BRIXMIS carried out its intelligence gathering activities by mounting 'Car Tours' throughout the Soviet Zone. Each Tour normally consisted of an officer, an NCO and a driver. Tours could be for five days duration but were normally for two or three and the Mission normally mounted about six tours a week. To fulfil its role of detecting any impending hostile move on the part of the Soviets against NATO and give early warning there was a BRIXMIS Tour somewhere in East Germany, monitoring the Soviet and East German Forces, 24 hours a day virtually every day of the year from 1946 until the Mission was disbanded on the reunification of Germany in 1990.
The Cars were fitted with long range fuel tanks, armoured belly plates and winches as tours frequently moved across country to avoid detection in getting to positions where they could observe military activity. Tours were equipped with cameras, video cameras and tape recorders. Night Vision goggles were used to enable them to move across country at night without lights. Tour crews always camped in the woods to avoid detection and were well equipped with arctic sleeping bags and cooking equipment.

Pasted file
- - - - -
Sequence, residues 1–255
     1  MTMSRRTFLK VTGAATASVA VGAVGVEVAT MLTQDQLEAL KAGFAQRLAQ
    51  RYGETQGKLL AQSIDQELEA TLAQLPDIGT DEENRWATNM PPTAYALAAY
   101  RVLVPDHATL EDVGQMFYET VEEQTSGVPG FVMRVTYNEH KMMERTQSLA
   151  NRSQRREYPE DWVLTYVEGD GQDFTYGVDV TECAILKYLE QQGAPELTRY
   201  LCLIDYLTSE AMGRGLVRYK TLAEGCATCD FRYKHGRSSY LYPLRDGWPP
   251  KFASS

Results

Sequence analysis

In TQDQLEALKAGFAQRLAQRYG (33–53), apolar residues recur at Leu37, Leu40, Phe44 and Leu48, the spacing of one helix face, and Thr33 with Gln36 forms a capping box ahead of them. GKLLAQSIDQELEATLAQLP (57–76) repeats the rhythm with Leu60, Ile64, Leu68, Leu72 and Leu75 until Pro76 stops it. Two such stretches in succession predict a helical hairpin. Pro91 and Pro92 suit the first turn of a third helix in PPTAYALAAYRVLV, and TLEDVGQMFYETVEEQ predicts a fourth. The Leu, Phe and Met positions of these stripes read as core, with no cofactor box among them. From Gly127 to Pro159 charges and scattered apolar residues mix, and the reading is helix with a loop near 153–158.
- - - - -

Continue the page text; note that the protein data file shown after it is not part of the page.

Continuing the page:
The Tour Crews wore uniform at all times in East Germany and their Cars were distinctively marked with Russian number plates. Sightings of the tour were always reported to the Soviet and East German Intelligence Services by the military, the police, Communist Party members, garage attendants, railway crossing keepers and the German populace so that attempts could be made to harass or detain the Tours in order to stop them gathering intelligence.
Over the 44 years that BRIXMIS existed, members of the Mission reported a large number of 'first sightings' of new Soviet equipment. These included aircraft, tanks, armoured personnel carriers, artillery, missiles, radars, anti-aircraft systems, jamming equipment, command and control systems. They also recovered many documents, shells and other pieces of equipment which proved invaluable to Allied intelligence analysts in making their assessments.
As a measure of its effectiveness, in its closing years the Mission produced annually some 200 special reports on Soviet ground equipment and 50 on air equipment, each of these representing an intelligence coup. In 1984 the number of photographic prints taken by Tours was over 300,000.
Although we were still officially Allies in 1946, from the very start the Soviets made life difficult for BRIXMIS. As the fear of an attack on NATO by the Soviets grew the priority for BRIXMIS' role changed from liaison to Intelligence Collection. The Soviets then stepped up their restrictions on the Mission as it went about its legal duties by imposing Restricted Areas into which Mission members were not allowed to travel and by subjecting them to all manner of harassment by means of covert and overt surveillance, highly aggressive detentions, ramming their Tour Cars and occasional shooting incidents.